The metrics are listed in Table 4. Our best models achieve a higher score than this human performance (Pearson : 67.97% > 62.28%), demonstrating they can achieve human-level inference on premise-hypothesis pairs sampled from SNLI.

#### Coherence

Since we define UNLI as a modification to RTE in terms of human responses to given , here we ask whether judgments by humans and separately our system are always coherent when the same premise is paired to different hypothesis that are mutually incompatible. We consider two examples (see Table 6) pulled from SNLI train, that we selected by hand owing to the premise establishing the potential for an intuitively common-sense, *finitely enumerable* set of alternatives. Based on the premise we manually constructed alternatives to an existing hypothesis such that (1) they are logically mutually exclusive; and (2) one of the hypotheses must reasonably hold given the premise. Specifically, a *preteen* must have an age in the range of , and the most commonsense alternatives to *lunch* include *breakfast* and *dinner*. We distribute these constructed pairs into separate HITs, making sure that no annotator is viewing two related premise-hypothesis pairs at the same time, employing 6-way redundancy (see Figure 9).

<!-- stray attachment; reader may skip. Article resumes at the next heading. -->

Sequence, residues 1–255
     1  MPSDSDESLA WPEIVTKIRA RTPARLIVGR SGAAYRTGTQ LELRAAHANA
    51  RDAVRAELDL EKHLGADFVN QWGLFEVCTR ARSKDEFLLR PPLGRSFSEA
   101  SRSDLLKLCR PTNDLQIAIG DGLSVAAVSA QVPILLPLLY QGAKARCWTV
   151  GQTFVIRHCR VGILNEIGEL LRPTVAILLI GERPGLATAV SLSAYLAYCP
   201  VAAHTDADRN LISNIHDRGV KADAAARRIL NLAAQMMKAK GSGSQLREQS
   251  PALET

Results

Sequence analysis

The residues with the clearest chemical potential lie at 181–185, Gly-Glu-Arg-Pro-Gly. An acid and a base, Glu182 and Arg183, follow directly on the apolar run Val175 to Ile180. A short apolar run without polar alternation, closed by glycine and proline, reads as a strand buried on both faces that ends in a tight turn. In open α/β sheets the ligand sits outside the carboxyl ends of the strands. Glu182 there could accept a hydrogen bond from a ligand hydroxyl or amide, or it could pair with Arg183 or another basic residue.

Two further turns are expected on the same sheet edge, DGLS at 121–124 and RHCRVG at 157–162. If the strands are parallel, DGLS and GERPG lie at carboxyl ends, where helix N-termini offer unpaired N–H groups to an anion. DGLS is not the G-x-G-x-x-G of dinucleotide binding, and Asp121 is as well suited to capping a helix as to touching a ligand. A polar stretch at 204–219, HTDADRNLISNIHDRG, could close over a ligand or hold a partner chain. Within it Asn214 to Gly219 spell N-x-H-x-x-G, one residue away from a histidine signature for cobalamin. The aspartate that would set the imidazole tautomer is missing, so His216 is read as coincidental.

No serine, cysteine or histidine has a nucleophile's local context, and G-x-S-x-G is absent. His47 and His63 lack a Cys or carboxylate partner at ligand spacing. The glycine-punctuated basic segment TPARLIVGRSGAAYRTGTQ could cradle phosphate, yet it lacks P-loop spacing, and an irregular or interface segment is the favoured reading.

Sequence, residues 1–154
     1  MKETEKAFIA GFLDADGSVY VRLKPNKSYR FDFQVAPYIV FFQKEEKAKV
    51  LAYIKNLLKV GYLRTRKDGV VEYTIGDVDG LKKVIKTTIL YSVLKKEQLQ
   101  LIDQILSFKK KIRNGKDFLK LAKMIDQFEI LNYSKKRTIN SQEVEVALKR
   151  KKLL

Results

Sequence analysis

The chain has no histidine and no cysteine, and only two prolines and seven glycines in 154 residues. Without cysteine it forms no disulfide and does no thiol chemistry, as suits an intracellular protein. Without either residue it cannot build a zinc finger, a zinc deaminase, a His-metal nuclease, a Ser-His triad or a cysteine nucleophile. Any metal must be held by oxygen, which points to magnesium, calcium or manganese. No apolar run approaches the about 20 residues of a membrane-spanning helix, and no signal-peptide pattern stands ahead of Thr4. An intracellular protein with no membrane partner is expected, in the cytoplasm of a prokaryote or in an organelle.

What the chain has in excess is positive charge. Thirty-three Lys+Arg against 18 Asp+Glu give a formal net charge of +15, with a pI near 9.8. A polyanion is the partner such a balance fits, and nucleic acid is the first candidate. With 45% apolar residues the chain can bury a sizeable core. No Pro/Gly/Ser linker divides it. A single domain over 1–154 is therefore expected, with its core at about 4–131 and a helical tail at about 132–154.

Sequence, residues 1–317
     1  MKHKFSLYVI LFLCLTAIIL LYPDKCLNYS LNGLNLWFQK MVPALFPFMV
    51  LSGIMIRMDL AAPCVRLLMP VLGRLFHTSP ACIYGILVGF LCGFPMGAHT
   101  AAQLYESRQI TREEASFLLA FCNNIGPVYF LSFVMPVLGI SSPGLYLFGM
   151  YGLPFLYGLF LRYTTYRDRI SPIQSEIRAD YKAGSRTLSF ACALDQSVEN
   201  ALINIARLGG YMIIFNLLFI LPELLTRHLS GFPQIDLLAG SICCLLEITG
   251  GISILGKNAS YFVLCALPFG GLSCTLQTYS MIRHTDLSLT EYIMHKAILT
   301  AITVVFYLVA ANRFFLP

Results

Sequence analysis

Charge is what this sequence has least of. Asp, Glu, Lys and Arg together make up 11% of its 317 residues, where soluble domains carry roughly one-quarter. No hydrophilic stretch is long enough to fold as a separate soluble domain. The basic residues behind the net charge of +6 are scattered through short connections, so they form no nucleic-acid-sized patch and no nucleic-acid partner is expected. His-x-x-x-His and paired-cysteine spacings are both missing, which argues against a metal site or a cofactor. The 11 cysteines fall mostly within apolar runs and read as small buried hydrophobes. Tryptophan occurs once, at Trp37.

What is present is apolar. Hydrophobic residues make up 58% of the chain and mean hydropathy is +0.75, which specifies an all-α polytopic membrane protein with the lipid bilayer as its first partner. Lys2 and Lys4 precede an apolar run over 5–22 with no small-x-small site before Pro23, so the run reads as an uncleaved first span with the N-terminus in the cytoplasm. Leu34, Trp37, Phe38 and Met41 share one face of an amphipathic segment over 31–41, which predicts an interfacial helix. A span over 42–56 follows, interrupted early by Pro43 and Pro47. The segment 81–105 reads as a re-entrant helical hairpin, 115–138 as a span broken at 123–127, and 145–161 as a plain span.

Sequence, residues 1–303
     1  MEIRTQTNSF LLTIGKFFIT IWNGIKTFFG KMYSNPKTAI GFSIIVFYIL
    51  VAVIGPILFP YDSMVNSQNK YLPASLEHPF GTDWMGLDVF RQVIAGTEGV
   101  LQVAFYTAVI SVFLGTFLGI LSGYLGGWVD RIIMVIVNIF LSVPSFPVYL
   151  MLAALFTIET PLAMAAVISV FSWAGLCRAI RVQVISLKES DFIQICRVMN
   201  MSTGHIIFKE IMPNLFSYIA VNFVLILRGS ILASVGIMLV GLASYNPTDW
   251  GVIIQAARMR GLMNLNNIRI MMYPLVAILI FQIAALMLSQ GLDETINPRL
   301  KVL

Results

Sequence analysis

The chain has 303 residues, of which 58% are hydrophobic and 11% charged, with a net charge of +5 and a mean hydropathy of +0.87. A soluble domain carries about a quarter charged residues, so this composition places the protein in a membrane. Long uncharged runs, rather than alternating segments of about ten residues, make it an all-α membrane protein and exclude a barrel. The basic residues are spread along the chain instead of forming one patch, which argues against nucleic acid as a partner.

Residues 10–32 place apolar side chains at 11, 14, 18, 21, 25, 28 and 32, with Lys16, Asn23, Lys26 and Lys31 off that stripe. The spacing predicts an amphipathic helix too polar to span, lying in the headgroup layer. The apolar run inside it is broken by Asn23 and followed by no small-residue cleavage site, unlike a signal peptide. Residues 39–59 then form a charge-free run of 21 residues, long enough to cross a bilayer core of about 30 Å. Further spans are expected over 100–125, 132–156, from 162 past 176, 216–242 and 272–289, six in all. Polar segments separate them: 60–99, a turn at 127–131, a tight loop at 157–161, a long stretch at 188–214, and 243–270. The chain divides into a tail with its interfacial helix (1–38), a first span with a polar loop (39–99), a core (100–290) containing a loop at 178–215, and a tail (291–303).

With respect to human judgments, we observe the sum of probabilities across the options exceeds 1.0 in both cases. That humans can be irrational in their probability assignments is known, and therefore this result not unexpected: in UNLI we have embraced human judgments in the definition, taking seriously the phrasing of the original RTE task.

Regarding our best model’s predictions on these examples, we first observe that its scores also lead to a summed over-estimate, with a distribution of values strikingly similar to the median human response in the *barbecue* example. Second we observe a clear error in the *girl* example, where BERT plus subsequent (U)NLI exposure did not appear to provide a definition of the word *preteen*.

Preteen girl with blond-hair plays with bubbles near a vendor stall in a mall courtyard. |

The girl is ten. |

Alternatives: one | two | | twelve |